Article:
Very cool tunes, Jon. “To Chill” made me think of a scene in a movie where a guy has to break into a huge medical lab and sneak through the duct work in order to find and diffuse that bomb with the huge LCD clock ticking down closer and closer to zero. (sorry it’s early.)
    Shameless plug alert: If you’d like to check out some of my band’s stuff, go to
    I’d also ask you to be kind…
    (please ignore my email Jon. I think the problem was related to TypeKey, not blurbomat.)

  • chickalicious

    Hey Jon,

    I know you’re a metafilter reader, and I’m sure you’ve seen the new Music section, so post them there and let everyone enjoy!

  • golexx

    To Chill was my favorite track. I liked certain components of the others, though.

  • gordon

    If I ever the talent to start up a band (which I don’t), I would call it one of two names:

    Spouses of Dead Docents


    Smack Talking Ducks

  • Lauren


    i liked all three .. but, the second one – desert – made me want to get up and belly dance.

    i even turned off my steely dan playlist to listen to them.

    ps.. don’t tell heather about the steely dan thing. i want her to like me.

  • monkey

    I absolutely love Desert.
    But..umm…what does one do with loops, exactly?

  • bellybuttonbugs

    Really liked the second one, Desert. The drums reminded me alot of Autolux.

  • jlf

    outstanding, dude. I definitiely like the first best, then the third- Gracias.

  • Kenny D

    Hey Jon, thanks for the plug!

    Here’s a posting about my relationship with Jon and our first band, Scubabus:

  • mzhummina

    Ska bands always have the best names. For example: Fat Kids on Mopeds, Jeffery’s Fan Club, etc.

    I like the same tracks everyone else likes…mostly because I am a follower.

  • PhilipN

    Hi Jon

    Loved To Chill, Can I download it from somewhere?


  • Tiggerlane

    LOVE these tracks! And I’m terribly jealous!

    Bought a phat Alesis digi piano a few years back, with the idea of hooking it up and learning how to computerize tracks, etc. Hubby’s got my dining room walls lined with guitars, amps and his digi recording stuff. Unfortunately, still haven’t had the time (or the bravery) to sit down and really figure out what else to buy to go with my machine, so it’s a glorified piano with monitors.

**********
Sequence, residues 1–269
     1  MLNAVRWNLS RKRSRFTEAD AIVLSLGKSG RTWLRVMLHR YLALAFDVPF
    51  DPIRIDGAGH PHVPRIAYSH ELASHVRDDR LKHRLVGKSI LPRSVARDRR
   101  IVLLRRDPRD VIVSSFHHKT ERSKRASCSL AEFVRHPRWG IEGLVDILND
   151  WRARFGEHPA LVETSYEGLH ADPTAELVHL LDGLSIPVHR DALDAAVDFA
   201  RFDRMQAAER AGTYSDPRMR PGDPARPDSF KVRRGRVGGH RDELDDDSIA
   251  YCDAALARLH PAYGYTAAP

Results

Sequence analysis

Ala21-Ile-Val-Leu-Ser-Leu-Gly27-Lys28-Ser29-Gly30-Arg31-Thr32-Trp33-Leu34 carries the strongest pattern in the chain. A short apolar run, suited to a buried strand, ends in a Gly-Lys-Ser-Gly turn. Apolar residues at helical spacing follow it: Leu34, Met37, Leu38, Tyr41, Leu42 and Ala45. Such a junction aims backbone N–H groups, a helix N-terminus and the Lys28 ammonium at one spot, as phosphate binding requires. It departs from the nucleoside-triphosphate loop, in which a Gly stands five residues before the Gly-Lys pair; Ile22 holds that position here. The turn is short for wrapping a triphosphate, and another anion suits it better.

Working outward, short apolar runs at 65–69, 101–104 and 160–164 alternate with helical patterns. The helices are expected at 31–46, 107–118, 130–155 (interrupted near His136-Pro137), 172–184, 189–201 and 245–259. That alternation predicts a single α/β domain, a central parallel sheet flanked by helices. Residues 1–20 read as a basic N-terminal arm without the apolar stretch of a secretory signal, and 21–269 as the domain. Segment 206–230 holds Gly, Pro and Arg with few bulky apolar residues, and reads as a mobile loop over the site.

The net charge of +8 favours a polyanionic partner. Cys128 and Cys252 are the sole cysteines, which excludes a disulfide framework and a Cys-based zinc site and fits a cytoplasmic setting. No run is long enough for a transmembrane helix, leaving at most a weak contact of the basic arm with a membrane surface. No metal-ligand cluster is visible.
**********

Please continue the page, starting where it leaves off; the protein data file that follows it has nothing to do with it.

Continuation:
Keep on, dude! The tracks are good! (Especially 1978 and To Chill) Love to see folks really taking the time and energy to learn to do this stuff right!

  • deafblind

    “Desert” and “To Chill” are my faves. “To Chill” reminds me of some laid back Massive Attack vibe, although, I’d wind the perc back just a tad, compress it a little more to give it that smoke filled room vibe. Nice selection of sounds though, complement each other well.

    Welcome to the world of digital music making – I’m slowly converting my “real world” music making friends to the benefits of doing it digitally. Keep it up.

  • Laurie

    Not a comment about the blurb, but, am I the only one that the CRYO Kennel ad in the top corner of the page is freaking out! Is this for real????????

  • Coelecanth

    As someone who’s old, er, I mean old school about music making I’m constantly astounded by the quality of the sounds these digital machines produce. Very tasty indeed.

    I like the way these tracks have a sense of progression. A lot of this kind of stuff never overcomes the monotony of the basic rythmn track.

    I wonder a bit about the compostional process with this tech. How much is random poking through loops and such to find something that fits and how much is searching for something specific? And if you are looking for specifics how hard is it? The one and only time I tried to assemble something out of other peoples clips it drove me crazy. I couldn’t for the life of me find the guitar part I thought the piece needed and gave up before I pitched the computer off the balcony.

  • leahkay

    I like the groove in the first one. Fun stuff, Jon. Thanks!

  • Diana Schnuth

    These are great! They sound exactly like the kind of thing I’d play between segments on my podcast ( Are these Creative Commons licensed? Or could they be? I’d love to use these tunes on my podcast. And put them on my iPod by themselves. And groove to them in general.

  • 6degrees

    Duuuude!… nice Rhodes and B3 samples!!! Very impressed (and ashamed), considering I was under the assumption that as a Techno-Demi-God, you were a poser, per-se, musically… I stand (or in this case sit) corrected! White boy got rhythm!

  • mcd


    That was really fun… I can relate somewhat. I had this lovely little PowerBook and bought a GarageBand sound pack back in 2003 and soon after the PowerBook died and hasn’t been replaced.

    Using loops makes it pretty easy to build grooves but having said that… You’re playing over the grooves is very tasty… I’m reminded of a lot of hip jazz fusion players in your choices: Joe Sample, Zawinul, etc.

    Sharing music to a random audience is a lot like blogging, I suppose… someone is bound to share a reaction that makes you wonder if it was with the exposure/risk.

    So far it looks like people are being nice and your talents are being honored. It might be cool if you could blog more about home studio computer music making… there’s bound to be interest and your could give some younger aspiring talent a leg up.

    Blog the average reader through loops and maybe post some sound samples to illustrate the concepts.

    I’ll be coming back to see what’s up… I stumbled here from Heather’s sidebar link.

  • Magpyeone

    I liked The Desert. Mystical and… sandy.

  • Magpyeone

    …And if I ever had the talent for a band, it would be called ‘Burnin’ Fergus’ or ‘Penis Envy and the Snap-On Tools’.